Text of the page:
It’s difficult at first because it’s complex.

We spent the first year proving it to ourselves. It took a while . . . not that they moved too fast but that it was all new material.

Give yourself time to see it work. You’ll be frustrated at first because it will seem overwhelming. If you’ll go step by step and give it at least six months, give it a chance and don’t take shortcuts . . . then you’ll be convinced.

Such comments, together with other observations of both programs, call into question approaches Characterized as “minimal intervention,” even when supported by well-designed materials and thoughtfully conducted training sessions.9


The crucial role of building principals was acknowledged by both programs. Principals were approached first for discussions of the underlying ideas, and their cooperation was sought in recruiting interested faculty members. In only one of the two programs, however, were the principals explicitly required to assume a more direct leadership role in regard to the project, and supported in doing so. In the pilot, principals were expected to learn the theory and practice of mastery learning. They attended weekly in-service sessions conducted by the district consultant. These weekly sessions, as described by teachers and principals, served several purposes. First, the principal became increasingly knowledgeable about a specific set of concepts and practices. Because he was knowledgeable, he was a fair and helpful judge of classroom instruction. He was able to recognize progress in teachers’ efforts to implement new ideas, and was a reasonable judge of requests for materials, released time, or other assistance. In the words of one teacher: “The principal has been the mainstay here—he knows the program and can answer teachers’ questions.”

Acting as a resource person to teachers over a three-year period, the principal:

Attended in-service sessions and read relevant materials that equipped him to assist teachers in implementing the recommended ideas and methods.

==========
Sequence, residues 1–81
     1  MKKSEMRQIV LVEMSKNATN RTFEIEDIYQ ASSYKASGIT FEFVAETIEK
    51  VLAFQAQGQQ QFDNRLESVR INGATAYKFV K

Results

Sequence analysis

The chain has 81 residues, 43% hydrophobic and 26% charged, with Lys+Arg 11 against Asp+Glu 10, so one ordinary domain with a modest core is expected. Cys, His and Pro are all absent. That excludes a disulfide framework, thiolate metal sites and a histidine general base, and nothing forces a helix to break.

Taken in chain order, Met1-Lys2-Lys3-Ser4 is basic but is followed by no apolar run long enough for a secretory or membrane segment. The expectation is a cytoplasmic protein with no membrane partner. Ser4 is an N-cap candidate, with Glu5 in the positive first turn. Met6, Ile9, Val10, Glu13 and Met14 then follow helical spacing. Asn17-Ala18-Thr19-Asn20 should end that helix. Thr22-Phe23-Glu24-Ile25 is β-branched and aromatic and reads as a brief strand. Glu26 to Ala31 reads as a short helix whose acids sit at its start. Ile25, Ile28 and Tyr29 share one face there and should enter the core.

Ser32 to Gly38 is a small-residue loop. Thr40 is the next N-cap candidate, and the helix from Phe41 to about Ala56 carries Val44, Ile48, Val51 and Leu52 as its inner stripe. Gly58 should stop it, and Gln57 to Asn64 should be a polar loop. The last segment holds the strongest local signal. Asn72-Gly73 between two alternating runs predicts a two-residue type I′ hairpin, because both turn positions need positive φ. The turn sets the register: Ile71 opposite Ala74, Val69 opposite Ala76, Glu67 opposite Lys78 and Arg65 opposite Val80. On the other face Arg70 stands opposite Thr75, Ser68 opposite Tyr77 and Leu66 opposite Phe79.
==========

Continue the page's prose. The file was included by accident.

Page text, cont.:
Conducted in-service sessions for teachers in a fashion that combined theory, research, and practice.

Gave advice on curriculum units and ideas for course materials.

Observed in classrooms often enough to make feedback useful and to recognize and credit teachers’ accomplishments.

Spent time in a weekly workshop conducted by teachers.

From the point of view of one elementary school principal, direct involvement in the program exemplified a shift from a “gatekeeper” stance to a “change-agent” stance; he attributed the change in part to his reading of the results of the Rand Corporation’s “change-agent” study.‘10 In the five years prior to the pilot project, this principal increasingly engaged in actions that could be viewed as assisting or promoting change (rather than merely permitting or approving it). The gradual development of that role is reflected in Figure 2. In secondary schools, school size and curriculum complexity may make this scale of direct involvement difficult; principals are confronted with establishing a structure of leadership in which selected teachers, as department heads or team leaders, can take the initiative in matters of curriculum and instruction.11